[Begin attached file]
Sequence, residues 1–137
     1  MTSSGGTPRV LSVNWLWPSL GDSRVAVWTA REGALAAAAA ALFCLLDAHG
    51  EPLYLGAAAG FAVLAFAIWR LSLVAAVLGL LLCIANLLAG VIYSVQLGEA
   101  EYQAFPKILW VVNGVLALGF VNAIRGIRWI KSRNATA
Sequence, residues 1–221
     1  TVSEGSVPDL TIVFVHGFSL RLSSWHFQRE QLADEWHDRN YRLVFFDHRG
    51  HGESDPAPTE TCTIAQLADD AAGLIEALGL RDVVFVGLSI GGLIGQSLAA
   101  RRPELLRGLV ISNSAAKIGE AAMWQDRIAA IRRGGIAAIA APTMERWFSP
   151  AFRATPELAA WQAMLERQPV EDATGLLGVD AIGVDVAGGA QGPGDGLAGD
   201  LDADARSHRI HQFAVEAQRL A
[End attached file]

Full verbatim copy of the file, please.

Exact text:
Sequence, residues 1–137
     1  MTSSGGTPRV LSVNWLWPSL GDSRVAVWTA REGALAAAAA ALFCLLDAHG
    51  EPLYLGAAAG FAVLAFAIWR LSLVAAVLGL LLCIANLLAG VIYSVQLGEA
   101  EYQAFPKILW VVNGVLALGF VNAIRGIRWI KSRNATA
Sequence, residues 1–221
     1  TVSEGSVPDL TIVFVHGFSL RLSSWHFQRE QLADEWHDRN YRLVFFDHRG
    51  HGESDPAPTE TCTIAQLADD AAGLIEALGL RDVVFVGLSI GGLIGQSLAA
   101  RRPELLRGLV ISNSAAKIGE AAMWQDRIAA IRRGGIAAIA APTMERWFSP
   151  AFRATPELAA WQAMLERQPV EDATGLLGVD AIGVDVAGGA QGPGDGLAGD
   201  LDADARSHRI HQFAVEAQRL A